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          Scarce datasets are more the norm than the exception for most
          disiciplines. Indicators take into account the connectivity of extreme
          values, which might be applicable to a mapping of probabilities
          of exceedance of a contaminant. Nevertheless, indicator variograms,
          except at the median where you would find more "pairs", tend
          to have poor definition at the extreme ends. Not knowing much about
          the processes behind a certain environmental disaster, except
          that prevailing weather and other conditions might have an impact
          on the distribution of contaminants, I would surmise that it will be
          difficult to find an "analogy", like someone could in the geosciences,
          e.g. a channel sand, whether encountered in Tashkent or
          Muskogee, Oklahoma, is the end result of a similar kind of depositional
          process.

          I know of some sites where the problem of uncertainty, at least of
          first order (higher scale) uncertainty, is tackled in a more "deterministic"
          manner.The approach comes under various guises, frequently
          names such as "scenario modeling", "deterministic modeling", etc
          are used. The idea is to subjectively come up with a ranked list of
          higher level uncertainties that might presumably have a bigger impact
          on the eventual mapping result, before zooming in on the details of
          any particular "scenario" or model. One can additionaly apply a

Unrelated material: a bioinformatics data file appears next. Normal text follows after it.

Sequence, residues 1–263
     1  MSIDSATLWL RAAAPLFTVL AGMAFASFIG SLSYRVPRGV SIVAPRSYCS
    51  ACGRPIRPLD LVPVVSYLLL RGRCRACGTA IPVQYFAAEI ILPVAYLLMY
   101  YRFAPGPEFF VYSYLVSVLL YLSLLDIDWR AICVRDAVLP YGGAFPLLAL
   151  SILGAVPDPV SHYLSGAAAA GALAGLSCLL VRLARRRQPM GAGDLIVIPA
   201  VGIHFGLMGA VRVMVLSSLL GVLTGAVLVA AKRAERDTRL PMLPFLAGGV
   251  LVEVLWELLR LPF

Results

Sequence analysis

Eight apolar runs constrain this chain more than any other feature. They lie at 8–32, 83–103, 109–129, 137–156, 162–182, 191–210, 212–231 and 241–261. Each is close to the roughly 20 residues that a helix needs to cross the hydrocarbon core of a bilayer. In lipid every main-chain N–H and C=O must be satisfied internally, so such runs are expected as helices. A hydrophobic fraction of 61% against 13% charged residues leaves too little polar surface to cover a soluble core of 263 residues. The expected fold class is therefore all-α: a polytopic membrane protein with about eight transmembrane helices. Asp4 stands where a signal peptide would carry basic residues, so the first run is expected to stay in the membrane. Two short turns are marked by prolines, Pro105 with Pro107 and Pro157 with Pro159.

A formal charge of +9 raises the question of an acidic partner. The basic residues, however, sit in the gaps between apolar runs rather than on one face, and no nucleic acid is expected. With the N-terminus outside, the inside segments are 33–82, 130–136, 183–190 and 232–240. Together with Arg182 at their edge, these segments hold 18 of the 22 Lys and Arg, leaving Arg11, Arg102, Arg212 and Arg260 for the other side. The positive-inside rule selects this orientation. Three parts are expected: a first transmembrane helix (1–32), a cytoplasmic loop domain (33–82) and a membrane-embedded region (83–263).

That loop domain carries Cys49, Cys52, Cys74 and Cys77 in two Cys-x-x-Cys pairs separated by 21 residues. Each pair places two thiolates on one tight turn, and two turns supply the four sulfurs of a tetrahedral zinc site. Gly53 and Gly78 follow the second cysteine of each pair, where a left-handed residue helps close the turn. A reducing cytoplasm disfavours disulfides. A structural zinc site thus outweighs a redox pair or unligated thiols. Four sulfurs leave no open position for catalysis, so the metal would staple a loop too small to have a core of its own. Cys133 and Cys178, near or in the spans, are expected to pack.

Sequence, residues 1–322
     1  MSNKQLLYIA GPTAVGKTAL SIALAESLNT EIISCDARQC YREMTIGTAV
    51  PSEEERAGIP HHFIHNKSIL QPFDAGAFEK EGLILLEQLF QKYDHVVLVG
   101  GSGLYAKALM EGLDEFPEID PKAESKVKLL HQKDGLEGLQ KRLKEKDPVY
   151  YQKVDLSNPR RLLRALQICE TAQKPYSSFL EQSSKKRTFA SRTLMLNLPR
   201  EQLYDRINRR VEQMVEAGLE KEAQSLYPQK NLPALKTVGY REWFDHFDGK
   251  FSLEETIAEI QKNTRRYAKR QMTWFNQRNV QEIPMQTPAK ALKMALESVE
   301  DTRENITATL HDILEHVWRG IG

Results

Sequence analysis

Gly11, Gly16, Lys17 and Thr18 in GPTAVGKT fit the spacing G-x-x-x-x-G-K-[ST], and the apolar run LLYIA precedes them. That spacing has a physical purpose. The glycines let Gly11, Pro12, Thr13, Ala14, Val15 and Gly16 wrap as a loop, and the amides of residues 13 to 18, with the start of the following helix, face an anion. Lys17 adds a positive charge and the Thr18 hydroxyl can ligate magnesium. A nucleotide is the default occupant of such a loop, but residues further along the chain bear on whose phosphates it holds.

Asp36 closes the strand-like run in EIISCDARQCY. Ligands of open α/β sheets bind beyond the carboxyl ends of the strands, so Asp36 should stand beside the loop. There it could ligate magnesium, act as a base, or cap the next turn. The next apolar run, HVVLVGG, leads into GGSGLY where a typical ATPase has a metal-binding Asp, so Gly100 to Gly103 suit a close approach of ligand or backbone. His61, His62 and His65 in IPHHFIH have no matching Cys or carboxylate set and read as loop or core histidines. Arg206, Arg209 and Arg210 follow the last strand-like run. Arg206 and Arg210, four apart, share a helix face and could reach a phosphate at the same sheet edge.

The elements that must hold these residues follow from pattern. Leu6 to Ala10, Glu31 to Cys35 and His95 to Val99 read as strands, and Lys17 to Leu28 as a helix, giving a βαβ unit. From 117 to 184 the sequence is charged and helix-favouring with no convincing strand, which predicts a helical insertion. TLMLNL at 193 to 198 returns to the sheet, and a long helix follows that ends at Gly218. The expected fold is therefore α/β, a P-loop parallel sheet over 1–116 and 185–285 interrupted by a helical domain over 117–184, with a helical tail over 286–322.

probablistic technique to this first phase of scenario modeling, e.g.
          Boolean simulation, but frequently due to the sheer number of variables
          of first order uncertainty, scenarios are arrived at deterministically.
          To take an oil and gas example, the following process will be applied:

          OBJECTIVE: Arrive at oil recovery factor for a carbonate pool
          FIRST ORDER UNCERTAINTIES:

          Fault sealing capacity
          Completely sealed
          Partly sealed
          Fully transmissible
          Fracture distribution
          Dense
          Medium
          Low density
          Geological model
          Pinnacle
          Platform

          and so forth. In such cases, lower order permeability distributions might
          be a secondary consideration. Presumably in your case, "wind direction"
          might be a factor, coupled with such others as "rainfall distribution", or
          "amount of contaminant leaked to the environment". Each of the above scenarios
          will result in a greater variance of results than say, "wind speed" or "amount
          of rainfall". It matters less how much rain fell compared to how such rain
          is actually distributed, e.g. is it a residential area? a national park? a
          desert?

          Syed
          Landmark Graphics








          Tom Charnock <Tom.Charnock@...> on 01/26/2000 07:51:40 PM








          To: ai-geostats@...

          cc: (bcc: Syed Abdul Rahman/SINGPROD1/Landmark)



          Subject: Re: GEOSTATS: Assessing the success of simulation